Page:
Tom Marshburn and Chris Cassidy led by the fifth and last exit on 13 Mission Day (July 27 ), after they had again spent the night at the campout. While Marshburn a multi-layer insulation around Dextre reinforced Cassidy divided the circuits of two of the four gyroscopes of the station on a patch panel on the grid element Z1. Subsequently, the two front and rear of the assembled Kibōs outer platform (EF) video equipment, among other things, allows for the coupling of the Japanese HTV transporting cargo. Since the planned continue discharging the payload attachment system (PAS ) would have taken at station S3 boom for too long, the two were instructed to do other tasks that were planned for future field work. These included the mounting of cables and mounting by hand guides and a mobile foot brace to support later exits. The EVA ended after 4 hours and 54 minutes and completed the work of this mission to the outside of the Kibo laboratory.
The 14th flight day (July 28 ) was marked by the departure of the Endeavour from the space station. After the last transfer of frozen samples for scientific shuttle and a small farewell ceremony, the hatches between the spacecraft were closed. 17:26 UTC Endeavour docked after a total of 10 days, 23 hours and 39 minutes from the ISS on and moved away from her. Then flew Pilot Doug Hurley around the shuttle at a distance of about 120 meters around the station so the crew was able to document the progress photographically. After this maneuver, eventually the Space Shuttle 19:09 UTC distant final from the ISS. Meanwhile, the crew of the station was preparing for the arrival of Progress 34 Space Shuttle.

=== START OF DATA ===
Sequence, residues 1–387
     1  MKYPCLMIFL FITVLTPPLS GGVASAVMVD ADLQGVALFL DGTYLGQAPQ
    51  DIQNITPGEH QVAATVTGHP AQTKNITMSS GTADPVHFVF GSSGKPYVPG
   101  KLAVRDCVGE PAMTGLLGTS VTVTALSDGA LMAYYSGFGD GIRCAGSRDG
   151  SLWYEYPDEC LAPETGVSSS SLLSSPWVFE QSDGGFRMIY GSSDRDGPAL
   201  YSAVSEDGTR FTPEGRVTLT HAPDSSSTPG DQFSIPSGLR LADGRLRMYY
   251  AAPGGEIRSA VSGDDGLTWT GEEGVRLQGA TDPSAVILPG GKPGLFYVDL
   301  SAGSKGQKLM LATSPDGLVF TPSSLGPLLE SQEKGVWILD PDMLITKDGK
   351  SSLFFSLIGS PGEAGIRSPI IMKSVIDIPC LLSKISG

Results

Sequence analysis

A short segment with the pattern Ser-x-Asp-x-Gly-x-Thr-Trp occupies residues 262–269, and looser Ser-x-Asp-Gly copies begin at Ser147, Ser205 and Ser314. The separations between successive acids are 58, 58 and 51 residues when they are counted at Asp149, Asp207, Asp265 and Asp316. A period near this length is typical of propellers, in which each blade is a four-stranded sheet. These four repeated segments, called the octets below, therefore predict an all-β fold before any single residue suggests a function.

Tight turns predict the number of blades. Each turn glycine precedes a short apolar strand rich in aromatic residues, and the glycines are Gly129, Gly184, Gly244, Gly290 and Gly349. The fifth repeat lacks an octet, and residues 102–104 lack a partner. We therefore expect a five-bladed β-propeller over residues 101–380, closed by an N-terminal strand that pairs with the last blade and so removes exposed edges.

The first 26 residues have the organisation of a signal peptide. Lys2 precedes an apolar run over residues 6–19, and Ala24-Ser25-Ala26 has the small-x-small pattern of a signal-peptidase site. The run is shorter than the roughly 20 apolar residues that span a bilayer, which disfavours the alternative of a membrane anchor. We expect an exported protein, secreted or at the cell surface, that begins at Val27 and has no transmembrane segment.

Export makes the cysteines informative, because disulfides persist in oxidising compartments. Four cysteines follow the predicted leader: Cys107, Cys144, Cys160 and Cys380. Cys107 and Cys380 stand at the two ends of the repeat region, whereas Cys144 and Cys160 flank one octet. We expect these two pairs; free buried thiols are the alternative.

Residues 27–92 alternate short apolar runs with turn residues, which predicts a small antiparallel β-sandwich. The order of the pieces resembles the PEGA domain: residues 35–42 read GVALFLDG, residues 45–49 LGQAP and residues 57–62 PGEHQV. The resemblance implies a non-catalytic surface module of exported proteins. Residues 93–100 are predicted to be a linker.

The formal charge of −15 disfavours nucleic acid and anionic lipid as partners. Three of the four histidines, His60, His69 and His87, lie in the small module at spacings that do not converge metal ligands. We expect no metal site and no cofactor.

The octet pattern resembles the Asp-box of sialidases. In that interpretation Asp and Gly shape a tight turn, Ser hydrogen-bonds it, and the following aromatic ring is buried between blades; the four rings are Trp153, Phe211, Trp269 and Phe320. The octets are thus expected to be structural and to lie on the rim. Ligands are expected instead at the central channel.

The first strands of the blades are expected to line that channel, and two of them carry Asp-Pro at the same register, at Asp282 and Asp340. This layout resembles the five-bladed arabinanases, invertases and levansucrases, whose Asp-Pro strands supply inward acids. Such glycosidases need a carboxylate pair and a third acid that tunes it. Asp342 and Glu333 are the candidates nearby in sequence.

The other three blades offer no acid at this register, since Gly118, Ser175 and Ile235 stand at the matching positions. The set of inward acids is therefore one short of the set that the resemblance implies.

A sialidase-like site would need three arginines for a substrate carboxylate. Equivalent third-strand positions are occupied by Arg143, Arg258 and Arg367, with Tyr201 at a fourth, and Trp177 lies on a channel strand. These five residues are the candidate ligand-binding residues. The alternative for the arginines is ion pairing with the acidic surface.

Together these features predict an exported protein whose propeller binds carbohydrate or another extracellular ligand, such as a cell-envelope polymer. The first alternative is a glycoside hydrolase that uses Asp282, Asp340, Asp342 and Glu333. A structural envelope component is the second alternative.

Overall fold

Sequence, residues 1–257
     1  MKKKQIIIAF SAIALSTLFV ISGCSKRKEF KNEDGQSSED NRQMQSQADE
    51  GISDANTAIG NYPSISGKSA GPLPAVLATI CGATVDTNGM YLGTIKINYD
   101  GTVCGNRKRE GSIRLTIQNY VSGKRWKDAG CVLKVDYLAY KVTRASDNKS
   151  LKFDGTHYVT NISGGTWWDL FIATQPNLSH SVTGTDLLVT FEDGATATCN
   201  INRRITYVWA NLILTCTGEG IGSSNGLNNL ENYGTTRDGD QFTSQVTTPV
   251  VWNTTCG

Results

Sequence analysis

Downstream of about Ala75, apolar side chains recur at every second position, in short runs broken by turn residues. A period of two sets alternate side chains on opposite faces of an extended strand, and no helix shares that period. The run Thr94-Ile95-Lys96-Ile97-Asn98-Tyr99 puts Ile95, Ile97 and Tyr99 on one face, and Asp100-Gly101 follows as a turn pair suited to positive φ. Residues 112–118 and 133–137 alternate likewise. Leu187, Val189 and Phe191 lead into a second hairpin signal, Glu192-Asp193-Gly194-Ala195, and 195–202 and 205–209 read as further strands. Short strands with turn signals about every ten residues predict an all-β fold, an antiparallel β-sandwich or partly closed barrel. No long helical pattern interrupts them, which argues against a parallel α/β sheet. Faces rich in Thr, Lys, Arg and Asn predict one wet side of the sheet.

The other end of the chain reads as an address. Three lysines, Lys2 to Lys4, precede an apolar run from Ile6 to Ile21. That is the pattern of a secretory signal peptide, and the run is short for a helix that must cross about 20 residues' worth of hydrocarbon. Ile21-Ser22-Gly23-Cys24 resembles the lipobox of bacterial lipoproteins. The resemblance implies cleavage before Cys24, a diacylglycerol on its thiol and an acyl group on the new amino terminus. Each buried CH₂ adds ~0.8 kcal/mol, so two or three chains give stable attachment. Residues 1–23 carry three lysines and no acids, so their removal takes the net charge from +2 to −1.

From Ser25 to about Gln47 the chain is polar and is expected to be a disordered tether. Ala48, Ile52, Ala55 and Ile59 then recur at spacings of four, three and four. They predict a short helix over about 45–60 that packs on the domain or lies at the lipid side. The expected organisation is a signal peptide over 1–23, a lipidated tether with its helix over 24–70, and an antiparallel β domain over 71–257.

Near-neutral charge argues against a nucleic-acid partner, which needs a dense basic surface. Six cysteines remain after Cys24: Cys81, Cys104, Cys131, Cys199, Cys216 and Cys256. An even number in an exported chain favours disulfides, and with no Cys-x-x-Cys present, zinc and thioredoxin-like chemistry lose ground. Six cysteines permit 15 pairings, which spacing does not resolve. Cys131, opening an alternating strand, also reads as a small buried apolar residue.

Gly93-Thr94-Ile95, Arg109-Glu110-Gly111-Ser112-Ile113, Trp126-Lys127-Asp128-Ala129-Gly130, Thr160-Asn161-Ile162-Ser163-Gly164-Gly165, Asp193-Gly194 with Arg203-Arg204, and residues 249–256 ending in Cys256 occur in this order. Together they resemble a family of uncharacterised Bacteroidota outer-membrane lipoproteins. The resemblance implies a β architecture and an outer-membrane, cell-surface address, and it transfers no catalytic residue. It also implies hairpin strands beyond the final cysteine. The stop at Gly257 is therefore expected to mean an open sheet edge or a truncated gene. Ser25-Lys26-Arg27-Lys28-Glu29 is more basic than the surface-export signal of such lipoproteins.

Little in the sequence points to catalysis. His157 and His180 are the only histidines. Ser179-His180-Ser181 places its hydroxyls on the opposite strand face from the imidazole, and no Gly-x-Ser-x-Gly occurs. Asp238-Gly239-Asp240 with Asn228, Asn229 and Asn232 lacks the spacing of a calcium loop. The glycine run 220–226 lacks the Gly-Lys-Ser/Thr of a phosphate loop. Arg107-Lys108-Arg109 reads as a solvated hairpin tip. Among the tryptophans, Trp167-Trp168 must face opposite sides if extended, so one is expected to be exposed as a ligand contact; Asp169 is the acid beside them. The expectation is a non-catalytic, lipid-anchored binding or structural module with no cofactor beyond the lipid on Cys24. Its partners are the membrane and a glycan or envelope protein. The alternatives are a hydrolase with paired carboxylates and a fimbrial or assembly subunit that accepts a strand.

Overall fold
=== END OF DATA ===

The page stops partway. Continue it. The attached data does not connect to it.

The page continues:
Satellite launcher and return
The 15th Day (July 29 ) spent the crew of the Space Shuttle with the late inspection of the heat shield with the OBSS, and with the first preparations for the return to Earth. Unnecessary and loose objects were stowed. For Koichi Wakata, a special reclining seat was set up to reduce the burden of the deceleration during re-entry after his five -month stay in weightlessness. After the tests, the control jets and wings hydraulics were exposed to two satellite pairs on the 16th flight day (July 30 ):
- DRAGONSat (Dual RF Astro Dynamic GPS Satellite Orbital Navigator ), a demonstration satellite pair for autonomous rendezvous and docking maneuvers with GPS support, a joint project of Texas A & M University and the University of Texas at Austin.
- ANDE -2 (Castor and Pollux, Atmospheric Neutral Density Experiment), two externally identical spherical satellites with 0.5 m diameter and different masses ( 50 and 25 kg) for the study of density and composition of Earth's atmosphere below 335 km altitude. On August 18 and March 29, 2010 burned up the two satellites from which the active Castor could also be received by radio amateurs in the Earth's atmosphere.
Due to the favorable weather forecast for the first landing opportunity on July 31 at 14:48 UTC at the Kennedy Space Center in Florida, the payload bay doors were closed at 11:00 UTC. To prepare for the gravity, the astronauts took several liters of fluid (fluid loading ) on. 13:27 UTC, the crew got the release for deorbit burn. The brake ignition began at 13:41 UTC, slowing the shuttle by about 350 km / h, so it plunged into the denser layers of the atmosphere after nearly a half orbit of the earth. The landing took place at 14:48 UTC after 15 days, 16 hours and 44 minutes on track 15 of the Shuttle Landing Facility. Shortly thereafter secured a special convoy the space shuttle and helped the crew in getting off after it had shut down all the systems of the Space Shuttle. A few hours after putting the Endeavour was towed into its hangar, where it was prepared for its next mission, STS -130.